With Daft Punk and Basement Jaxx recording soundtracks for sci-fi epics, it was only a matter of time before an act took it upon themselves to do the same, without the benefit of a film to score. On their debut album Welcome Reality, UK duo Nero aim for such orchestral grandiosity, adding a dubstep flair to the electro leanings of their predecessors. The result is a bloated companion piece for a Michael Bay flick that doesn’t exist.
Welcome Reality is over-the-top and formulaic, as if Nero took every stadium-friendly electronic music trend and simply added dubstep’s wobbly low-end to it. “Doomsday” is Bloody Beetroots’ mosh-pit electro; “Guilt” has the diva vocals and synth stabs of big room trance. Throughout the album, soaring guitar and synth lines battle four on the floor beats in a “cock rock vs. dance music” race to the bottom; the title of the plodding “Scorpions” has to be a hat-tip to the German glam rockers of the same name, right?
Du jour dance styles aren’t the only territory that Nero mines for Welcome Reality. Towards the end of the disc, there’s a suite of songs that rip mid-eighties pop without a sense of irony. Samples of the Jets’ “Crush,” Carmen’s “Time to Move,” and the coup de grace, Hall & Oates’ “Out of Touch,” prove that even your parents can enjoy dubstep!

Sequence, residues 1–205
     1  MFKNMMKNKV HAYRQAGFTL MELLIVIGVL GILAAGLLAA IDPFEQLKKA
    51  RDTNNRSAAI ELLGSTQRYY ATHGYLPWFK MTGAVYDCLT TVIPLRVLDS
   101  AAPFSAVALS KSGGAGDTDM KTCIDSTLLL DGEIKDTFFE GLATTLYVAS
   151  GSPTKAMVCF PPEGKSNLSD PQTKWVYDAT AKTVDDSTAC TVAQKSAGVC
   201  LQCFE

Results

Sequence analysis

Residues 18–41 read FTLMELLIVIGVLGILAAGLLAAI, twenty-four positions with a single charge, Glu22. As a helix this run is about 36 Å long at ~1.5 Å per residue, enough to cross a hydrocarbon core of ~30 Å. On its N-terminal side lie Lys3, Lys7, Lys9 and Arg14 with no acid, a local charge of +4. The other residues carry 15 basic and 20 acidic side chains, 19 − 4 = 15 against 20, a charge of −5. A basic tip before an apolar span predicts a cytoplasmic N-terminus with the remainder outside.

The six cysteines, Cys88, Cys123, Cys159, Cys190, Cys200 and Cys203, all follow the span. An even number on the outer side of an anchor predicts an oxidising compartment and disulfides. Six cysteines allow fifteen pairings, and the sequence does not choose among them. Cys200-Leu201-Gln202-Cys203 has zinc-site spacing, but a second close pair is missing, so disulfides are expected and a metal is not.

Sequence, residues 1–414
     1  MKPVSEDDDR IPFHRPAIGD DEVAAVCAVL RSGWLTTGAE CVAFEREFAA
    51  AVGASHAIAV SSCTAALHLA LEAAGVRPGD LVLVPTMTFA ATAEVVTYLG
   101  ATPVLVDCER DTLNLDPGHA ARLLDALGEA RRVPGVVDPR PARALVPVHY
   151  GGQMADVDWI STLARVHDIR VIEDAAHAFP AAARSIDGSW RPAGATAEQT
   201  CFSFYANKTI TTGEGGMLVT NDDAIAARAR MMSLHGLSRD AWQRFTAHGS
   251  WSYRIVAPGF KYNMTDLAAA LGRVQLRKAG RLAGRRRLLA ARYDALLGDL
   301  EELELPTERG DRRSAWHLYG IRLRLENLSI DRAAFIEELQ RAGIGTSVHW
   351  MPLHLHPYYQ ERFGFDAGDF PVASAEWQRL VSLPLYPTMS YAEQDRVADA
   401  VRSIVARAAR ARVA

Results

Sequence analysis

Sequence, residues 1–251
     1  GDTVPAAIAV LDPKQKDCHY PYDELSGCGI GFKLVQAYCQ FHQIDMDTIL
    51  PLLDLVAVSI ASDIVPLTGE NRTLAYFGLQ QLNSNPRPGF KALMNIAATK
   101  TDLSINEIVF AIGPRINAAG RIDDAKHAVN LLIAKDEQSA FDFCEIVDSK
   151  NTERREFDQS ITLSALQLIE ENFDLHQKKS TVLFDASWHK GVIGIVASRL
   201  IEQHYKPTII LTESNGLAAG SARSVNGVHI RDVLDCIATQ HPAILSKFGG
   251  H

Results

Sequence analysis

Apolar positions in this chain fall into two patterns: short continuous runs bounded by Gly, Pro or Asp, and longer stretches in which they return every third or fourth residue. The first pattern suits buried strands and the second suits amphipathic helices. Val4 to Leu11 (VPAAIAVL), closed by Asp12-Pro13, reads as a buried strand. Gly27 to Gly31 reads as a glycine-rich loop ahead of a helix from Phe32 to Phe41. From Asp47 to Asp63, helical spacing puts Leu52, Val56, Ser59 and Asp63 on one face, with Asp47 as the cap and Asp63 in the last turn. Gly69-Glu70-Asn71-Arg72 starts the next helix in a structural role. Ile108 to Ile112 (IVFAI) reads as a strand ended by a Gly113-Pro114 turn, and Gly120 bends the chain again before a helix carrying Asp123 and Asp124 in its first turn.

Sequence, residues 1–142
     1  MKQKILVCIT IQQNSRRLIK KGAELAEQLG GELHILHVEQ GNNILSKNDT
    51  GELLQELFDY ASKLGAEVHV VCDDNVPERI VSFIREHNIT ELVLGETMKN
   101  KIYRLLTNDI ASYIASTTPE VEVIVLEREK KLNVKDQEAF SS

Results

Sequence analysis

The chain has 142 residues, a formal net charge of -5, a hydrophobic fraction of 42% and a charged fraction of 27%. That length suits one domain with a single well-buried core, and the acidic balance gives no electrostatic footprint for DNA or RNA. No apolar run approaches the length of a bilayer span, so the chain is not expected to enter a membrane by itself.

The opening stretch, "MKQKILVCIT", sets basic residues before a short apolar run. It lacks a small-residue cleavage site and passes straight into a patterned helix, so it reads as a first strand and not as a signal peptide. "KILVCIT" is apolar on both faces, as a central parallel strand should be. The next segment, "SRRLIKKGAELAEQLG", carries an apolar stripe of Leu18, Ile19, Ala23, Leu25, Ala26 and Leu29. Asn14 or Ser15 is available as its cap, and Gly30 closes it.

Released more than a year after lead single “Innocence,” Welcome Reality has little in common with the sparse, luvstep romanticism promised on that track. “In the Way” is the only other time we get something that isn’t obnoxiously cranked to 11, its reverb-laced snares a brief respite from the album’s relentless synthesized explosions. The pair of tracks showcase how an act can combine dubstep’s aggression with poppy, mainstream sensibilities; it’s a shame Nero didn’t do more of the same elsewhere.